to some procedure) of any string should give back the original
string:

String text = getRandomString (0,1000000); // 0 - 1MB
String encoded = Encoder.encode( text);
String decoded = Encoder.decode( encoded);
assertEquals(te xt, decoded);
Mar 25 '06 #33
Below is a different example which might not be as trivial
as my previous. It "proves" that encoding + decoding (according
to some procedure) of any string should give back the original
string:

String text = getRandomString (0,1000000); // 0 - 1MB
String encoded = Encoder.encode( text);
String decoded = Encoder.decode( encoded);
assertEquals(te xt, decoded);

This only proves that the encoding & decoding scheme is the same. I can
make this test pass like this...

public String encode(String text) {
return text;
}

public String decode(String encoded) {
return encoded;
}

Here, the unit test is testing every line of code, yet its a worthless
implementation.

The unit test is not testing the encoding mechanism as it should be
implemented as its using the decode() for the assertion.

In this case, its prudent/better to have separate unit tests for both
the encode & decode, an doing the opposite conversion locally within the
unit test itself as this prevents errors of implementation but more
importantly, forces the implementation to use the correct algorithms.

public void testEncoder() {
String text = getRandomString (0,1000000); // 0 - 1MB
String encoded = Encoder.encode( text);
String decoded = MD5.decode(enco ded);
assertEquals(te xt, decoded);
}

public void testDecoder() {
String text = getRandomString (0,1000000); // 0 - 1MB
String encoded = MD5.encode(text );
String decoded = Encoder.decode( encoded);
assertEquals(te xt, decoded);
}

Here we have separated the logic needed for the test from the unit under
test.
Mar 25 '06 #34
Forgive me but you are terming it "fairly typical" and it isn't typical of
anything I have seen. So rather than you or I decide (since we don't agree)
let others weigh in on how typical a function is that an easily-contrived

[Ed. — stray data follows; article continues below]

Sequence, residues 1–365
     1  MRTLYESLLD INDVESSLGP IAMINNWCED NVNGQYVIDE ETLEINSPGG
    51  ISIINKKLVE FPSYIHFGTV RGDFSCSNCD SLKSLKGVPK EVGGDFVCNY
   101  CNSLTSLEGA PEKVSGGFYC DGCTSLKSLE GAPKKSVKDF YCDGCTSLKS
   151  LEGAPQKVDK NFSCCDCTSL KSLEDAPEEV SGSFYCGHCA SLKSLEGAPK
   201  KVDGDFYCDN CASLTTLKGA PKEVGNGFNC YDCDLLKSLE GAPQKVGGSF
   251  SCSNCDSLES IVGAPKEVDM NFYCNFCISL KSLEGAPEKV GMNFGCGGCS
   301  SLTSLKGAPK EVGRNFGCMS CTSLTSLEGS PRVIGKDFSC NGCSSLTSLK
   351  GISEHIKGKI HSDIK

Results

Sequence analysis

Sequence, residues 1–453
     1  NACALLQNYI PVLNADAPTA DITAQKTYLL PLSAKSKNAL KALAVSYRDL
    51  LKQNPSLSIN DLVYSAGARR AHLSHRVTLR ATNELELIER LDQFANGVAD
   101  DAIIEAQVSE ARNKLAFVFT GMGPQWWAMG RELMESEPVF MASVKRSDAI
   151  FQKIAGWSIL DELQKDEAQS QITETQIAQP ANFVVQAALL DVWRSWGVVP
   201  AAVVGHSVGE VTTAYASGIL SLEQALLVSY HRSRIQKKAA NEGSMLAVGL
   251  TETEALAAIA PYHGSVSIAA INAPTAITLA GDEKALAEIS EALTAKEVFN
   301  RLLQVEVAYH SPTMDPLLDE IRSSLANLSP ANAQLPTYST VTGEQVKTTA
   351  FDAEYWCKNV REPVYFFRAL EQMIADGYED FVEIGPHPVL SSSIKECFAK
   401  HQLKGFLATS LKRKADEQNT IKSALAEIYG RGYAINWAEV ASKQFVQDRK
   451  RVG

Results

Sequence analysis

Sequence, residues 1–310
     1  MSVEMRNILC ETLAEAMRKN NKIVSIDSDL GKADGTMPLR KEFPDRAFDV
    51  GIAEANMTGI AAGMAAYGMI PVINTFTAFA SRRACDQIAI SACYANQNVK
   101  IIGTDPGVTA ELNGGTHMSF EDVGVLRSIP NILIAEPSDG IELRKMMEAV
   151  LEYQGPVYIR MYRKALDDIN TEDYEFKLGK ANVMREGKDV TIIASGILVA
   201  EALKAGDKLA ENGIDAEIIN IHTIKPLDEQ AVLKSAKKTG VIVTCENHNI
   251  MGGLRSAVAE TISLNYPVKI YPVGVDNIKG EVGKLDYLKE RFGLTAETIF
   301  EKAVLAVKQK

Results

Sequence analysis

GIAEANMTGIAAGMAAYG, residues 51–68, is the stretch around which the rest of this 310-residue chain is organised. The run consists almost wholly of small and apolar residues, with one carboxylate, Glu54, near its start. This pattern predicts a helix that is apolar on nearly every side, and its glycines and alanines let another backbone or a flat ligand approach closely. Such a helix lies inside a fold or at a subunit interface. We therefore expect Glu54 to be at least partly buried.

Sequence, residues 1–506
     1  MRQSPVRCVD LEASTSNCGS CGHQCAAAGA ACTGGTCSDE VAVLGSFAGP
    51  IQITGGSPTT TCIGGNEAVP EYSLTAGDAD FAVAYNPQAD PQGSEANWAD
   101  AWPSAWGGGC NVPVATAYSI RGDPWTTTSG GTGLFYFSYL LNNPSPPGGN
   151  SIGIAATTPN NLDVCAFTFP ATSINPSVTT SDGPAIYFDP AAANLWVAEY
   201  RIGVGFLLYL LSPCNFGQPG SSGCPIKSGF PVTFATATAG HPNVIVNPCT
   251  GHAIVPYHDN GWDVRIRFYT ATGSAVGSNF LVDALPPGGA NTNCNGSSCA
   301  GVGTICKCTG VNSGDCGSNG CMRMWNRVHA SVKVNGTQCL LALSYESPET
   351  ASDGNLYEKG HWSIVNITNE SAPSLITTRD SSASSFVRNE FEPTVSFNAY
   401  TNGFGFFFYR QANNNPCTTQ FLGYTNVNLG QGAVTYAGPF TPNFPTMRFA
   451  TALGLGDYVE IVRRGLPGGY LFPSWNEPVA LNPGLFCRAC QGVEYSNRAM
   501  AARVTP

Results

IsPrime() for instance.

The discussion hasn't been (as I read it) that random input is of no value
in all cases. It was illustrated by others that "unit tests" imply one does
know the answer and that random input means you can rarely know the answer.
To answer your question as to how one might know the value of ? it would be
"computed" by whatever method was required. A test for IsPrime() would be
fed known prime and non-prime values safely knowing which ones should return
true and which should return false. A test for AccountBalance( ) would
similarly have inputs and outputs which have been determined to test the
functionality.

I think Andrews response does a great job of pointing out how relying on the
two functions to test each other is a mistake.
"Jacob" <ja***@yahoo.co m> wrote in message
news:4p******** ************@te lenor.com...
Tom Leylan wrote:
You've chosen a trivial example where your assert can compute the results
of the Square() function you are calling. That is hardly a typical
situation or there would be no reason for the function to have been
created.

double v = getRandomDouble ();
double v2 = AccountBalance( v );
assertEquals( v2, ? );

So explain how you get the value to type in ? given you don't know what
the input will be. Perhaps you would do the computations you read about
in the AccountBalance( ) method inline to see if those and yours matched?

I chose a fairly typical example of a basic unit requiring
unit testing and I proved that by using random input it
easily identified an error that otherwise could slip through.

I never said that using random input was useful in all
cases and perhaps it isn't in your specific example. On the
other hand, how do you know what goes into "?" given you
know the input? There must be some sort of reasoning behind

Below is a different example which might not be as trivial
as my previous. It "proves" that encoding + decoding (according
to some procedure) of any string should give back the original
string:

String text = getRandomString (0,1000000); // 0 - 1MB
String encoded = Encoder.encode( text);
String decoded = Encoder.decode( encoded);
assertEquals(te xt, decoded);

Mar 25 '06 #35
Andrew McDonagh wrote:
Below is a different example which might not be as trivial
as my previous. It "proves" that encoding + decoding (according